Missouri “Too Many Targets” Save The State’s Homeless From Jail

exterior view of Missouri Supreme Court Building
Mo-supreme-court photo by Americasroof is licensed under CC BY-SA 3.0 Deed
Missouri Supreme Court building in Jefferson City, where advocates successfully petitioned for the rights of people who are homeless.

The rest of the world slowly adapts to the idea that homeless people are not all depraved junkies, but mostly people who can’t afford homes. Not in Missouri, however, which stubbornly pledges allegiance to the theory of drug-fueled crazies as ‘criminally responsible unhoused.’ That thinking continues to paint targets on the backs of the people who cannot afford housing.

Accordingly, Missouri recently passed a law that all drug-fueled crazies (a.k.a. unhoused) would be criminalized and jailed for their crimes if they dared to camp on state land.

But people who are unhoused in Missouri have been saved by the bell — in point of fact, by many, many bells. It turns out that a law targeting so many individuals is itself against Missouri law. Criminalization of single unhoused persons has been struck down by the Missouri Supreme Court because of the existence of too many other proposed unhoused ‘criminals’.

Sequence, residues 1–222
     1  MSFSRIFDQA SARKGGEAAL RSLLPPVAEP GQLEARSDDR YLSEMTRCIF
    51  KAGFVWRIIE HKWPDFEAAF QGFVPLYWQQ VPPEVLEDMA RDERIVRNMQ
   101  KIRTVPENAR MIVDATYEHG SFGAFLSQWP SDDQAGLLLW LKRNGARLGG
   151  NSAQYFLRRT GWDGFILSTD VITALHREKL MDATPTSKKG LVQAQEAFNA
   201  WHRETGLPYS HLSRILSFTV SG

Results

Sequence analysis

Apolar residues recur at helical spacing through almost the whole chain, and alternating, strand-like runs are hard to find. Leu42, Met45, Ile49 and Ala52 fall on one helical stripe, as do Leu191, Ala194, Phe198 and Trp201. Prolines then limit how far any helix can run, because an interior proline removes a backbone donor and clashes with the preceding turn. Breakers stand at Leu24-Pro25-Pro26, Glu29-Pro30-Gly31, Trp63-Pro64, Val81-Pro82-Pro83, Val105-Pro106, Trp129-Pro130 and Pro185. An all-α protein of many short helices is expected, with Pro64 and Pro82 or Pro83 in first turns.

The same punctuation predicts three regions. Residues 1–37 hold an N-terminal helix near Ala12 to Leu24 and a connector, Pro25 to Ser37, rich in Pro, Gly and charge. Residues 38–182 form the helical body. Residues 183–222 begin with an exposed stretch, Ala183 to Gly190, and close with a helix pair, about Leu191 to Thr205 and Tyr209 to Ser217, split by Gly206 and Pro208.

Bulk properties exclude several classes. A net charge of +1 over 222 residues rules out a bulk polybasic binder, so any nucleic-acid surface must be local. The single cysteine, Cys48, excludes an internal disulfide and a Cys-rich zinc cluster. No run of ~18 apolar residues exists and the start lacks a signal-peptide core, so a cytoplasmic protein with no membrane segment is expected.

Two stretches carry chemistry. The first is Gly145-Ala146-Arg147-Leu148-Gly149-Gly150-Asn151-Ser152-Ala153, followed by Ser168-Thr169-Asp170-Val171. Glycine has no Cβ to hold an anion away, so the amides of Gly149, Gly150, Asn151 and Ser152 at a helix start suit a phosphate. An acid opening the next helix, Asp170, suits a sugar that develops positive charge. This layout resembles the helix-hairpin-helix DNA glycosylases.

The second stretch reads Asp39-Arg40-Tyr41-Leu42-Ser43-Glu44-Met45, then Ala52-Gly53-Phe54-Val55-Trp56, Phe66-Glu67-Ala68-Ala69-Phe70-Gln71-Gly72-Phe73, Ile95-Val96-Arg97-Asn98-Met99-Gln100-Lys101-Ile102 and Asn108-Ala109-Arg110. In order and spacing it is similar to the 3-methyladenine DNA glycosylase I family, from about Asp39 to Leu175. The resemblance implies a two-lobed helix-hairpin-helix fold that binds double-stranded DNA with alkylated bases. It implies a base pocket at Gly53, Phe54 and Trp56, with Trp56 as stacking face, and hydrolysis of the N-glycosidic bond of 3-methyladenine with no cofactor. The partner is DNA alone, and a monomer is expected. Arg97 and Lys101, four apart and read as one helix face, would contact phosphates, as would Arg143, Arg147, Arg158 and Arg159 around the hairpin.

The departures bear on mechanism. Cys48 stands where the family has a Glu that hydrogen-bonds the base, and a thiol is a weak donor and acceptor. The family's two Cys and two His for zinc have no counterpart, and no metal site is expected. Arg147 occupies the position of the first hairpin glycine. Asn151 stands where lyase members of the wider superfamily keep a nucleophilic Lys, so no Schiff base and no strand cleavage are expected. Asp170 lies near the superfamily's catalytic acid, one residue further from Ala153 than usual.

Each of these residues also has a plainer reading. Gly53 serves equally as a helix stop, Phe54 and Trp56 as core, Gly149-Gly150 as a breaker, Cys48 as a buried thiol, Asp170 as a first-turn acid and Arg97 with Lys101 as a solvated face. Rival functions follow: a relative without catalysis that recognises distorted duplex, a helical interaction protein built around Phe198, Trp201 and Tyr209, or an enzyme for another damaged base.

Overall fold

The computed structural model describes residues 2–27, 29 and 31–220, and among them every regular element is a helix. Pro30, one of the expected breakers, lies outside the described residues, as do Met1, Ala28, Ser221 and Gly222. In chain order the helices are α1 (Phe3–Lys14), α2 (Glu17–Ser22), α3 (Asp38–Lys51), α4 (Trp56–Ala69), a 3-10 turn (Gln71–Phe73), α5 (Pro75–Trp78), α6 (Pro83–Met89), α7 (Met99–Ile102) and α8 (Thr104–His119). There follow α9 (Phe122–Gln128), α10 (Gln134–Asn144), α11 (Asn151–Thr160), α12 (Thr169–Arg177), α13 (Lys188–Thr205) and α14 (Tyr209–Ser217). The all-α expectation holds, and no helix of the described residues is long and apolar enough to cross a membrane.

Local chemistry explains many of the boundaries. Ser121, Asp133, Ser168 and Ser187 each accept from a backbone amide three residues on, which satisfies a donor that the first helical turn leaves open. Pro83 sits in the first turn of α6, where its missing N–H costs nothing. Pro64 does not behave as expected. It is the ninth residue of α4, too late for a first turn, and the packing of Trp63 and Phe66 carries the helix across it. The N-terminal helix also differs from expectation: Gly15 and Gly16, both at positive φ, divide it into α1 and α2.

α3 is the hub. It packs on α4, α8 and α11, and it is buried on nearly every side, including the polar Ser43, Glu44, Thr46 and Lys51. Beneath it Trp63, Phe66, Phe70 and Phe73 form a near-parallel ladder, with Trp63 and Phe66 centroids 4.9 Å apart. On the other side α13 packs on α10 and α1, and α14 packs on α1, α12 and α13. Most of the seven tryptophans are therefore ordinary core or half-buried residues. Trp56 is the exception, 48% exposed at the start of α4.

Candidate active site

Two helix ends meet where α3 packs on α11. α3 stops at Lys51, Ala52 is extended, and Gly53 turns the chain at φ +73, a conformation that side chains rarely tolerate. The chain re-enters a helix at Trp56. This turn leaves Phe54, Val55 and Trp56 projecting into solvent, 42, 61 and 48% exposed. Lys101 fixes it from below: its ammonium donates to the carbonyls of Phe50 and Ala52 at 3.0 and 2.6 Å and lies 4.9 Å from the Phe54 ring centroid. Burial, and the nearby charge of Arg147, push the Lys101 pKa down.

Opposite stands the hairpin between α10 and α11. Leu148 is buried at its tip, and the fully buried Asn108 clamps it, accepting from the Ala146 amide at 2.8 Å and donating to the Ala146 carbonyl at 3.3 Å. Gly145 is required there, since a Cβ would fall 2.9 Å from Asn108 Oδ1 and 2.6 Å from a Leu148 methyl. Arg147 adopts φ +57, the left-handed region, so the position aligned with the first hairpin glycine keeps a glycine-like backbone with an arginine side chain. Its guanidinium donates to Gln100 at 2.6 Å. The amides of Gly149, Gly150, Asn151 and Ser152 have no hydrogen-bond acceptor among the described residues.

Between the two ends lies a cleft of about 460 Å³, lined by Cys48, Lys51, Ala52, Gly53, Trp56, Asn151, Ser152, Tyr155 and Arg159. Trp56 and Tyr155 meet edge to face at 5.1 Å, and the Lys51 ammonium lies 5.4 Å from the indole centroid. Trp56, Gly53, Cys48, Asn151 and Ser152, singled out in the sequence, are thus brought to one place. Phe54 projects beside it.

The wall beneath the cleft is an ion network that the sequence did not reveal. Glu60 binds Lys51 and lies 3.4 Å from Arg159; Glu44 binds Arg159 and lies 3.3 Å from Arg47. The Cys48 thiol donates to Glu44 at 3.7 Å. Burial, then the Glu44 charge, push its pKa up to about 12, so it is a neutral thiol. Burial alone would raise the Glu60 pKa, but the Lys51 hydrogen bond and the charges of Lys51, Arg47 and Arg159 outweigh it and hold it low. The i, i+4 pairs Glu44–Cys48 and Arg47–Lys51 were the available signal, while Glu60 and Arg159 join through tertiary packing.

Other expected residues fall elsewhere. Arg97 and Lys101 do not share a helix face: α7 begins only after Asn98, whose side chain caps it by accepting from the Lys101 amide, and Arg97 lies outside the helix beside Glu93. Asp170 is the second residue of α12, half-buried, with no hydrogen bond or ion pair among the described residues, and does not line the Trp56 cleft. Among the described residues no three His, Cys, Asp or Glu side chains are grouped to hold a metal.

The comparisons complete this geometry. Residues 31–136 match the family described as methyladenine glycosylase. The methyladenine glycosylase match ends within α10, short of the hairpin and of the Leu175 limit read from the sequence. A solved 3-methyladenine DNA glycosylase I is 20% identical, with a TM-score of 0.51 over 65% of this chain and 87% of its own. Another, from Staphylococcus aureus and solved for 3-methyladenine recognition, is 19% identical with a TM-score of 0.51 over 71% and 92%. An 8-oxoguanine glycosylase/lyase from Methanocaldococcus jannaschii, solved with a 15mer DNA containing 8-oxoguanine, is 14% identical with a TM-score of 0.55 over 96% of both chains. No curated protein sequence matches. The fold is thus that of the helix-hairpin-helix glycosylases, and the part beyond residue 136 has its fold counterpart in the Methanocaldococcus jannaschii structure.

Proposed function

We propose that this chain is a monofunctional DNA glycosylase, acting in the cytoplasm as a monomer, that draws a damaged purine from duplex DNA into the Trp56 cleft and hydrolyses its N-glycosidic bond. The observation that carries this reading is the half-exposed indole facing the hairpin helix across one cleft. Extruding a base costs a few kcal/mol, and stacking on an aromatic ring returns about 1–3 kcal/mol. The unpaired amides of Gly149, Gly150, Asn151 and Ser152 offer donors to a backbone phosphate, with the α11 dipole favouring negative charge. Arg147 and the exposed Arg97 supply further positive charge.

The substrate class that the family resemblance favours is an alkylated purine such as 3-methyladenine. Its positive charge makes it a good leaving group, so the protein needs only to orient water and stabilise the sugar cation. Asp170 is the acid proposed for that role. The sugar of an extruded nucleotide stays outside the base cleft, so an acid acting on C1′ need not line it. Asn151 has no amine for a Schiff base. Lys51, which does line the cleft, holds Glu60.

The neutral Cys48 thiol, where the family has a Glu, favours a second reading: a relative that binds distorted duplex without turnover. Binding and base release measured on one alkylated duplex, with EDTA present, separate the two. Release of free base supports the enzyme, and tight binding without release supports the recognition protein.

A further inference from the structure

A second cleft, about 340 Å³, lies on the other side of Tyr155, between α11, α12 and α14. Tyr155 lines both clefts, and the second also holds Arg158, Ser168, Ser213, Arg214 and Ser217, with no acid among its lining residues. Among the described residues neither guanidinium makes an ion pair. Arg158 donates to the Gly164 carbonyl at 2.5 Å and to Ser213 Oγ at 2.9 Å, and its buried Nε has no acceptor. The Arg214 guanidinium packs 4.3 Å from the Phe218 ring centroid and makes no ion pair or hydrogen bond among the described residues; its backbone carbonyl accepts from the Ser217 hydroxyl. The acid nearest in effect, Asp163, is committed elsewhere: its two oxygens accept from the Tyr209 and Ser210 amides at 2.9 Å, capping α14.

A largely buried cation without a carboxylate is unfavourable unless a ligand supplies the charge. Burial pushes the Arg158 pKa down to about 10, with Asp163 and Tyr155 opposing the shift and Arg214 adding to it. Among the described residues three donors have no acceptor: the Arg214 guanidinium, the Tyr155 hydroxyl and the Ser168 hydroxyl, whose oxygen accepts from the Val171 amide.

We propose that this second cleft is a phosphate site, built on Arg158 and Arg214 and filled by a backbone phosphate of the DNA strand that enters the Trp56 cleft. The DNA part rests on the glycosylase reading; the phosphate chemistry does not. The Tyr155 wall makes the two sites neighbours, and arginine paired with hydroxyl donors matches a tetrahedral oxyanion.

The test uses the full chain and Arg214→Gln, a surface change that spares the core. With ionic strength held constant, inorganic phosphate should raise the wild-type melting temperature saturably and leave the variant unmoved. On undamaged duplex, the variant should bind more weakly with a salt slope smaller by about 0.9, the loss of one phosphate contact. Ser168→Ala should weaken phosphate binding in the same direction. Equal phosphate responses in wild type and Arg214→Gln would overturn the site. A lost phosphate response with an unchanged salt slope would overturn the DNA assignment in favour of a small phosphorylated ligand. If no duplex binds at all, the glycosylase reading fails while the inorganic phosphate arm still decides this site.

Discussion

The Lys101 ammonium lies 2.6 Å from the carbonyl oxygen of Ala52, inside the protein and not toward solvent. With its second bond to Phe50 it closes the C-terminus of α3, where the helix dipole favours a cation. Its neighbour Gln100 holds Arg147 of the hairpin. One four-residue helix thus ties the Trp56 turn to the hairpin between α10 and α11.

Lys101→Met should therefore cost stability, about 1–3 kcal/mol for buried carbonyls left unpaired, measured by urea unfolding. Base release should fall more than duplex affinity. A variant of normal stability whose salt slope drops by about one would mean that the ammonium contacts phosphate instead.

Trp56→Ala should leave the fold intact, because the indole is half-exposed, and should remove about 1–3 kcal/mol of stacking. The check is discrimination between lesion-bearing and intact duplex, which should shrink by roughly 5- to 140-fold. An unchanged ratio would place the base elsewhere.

It would be nicest if the Missouri Supreme Court struck down a state perception that poverty can so easily be equated with mental illness. But even a reprieve for all the wrong reasons is better than some permanent legal status that so blatantly criminalizes poverty. And any legal change that reduces America’s shameful status as — per capita — the most incarcerated nation in the world1.

Read more at The Hill: Law against homelessness struck down in Missouri


  1. Here are current year statistics in an interactive map from the World Population Review: Incarceration Rate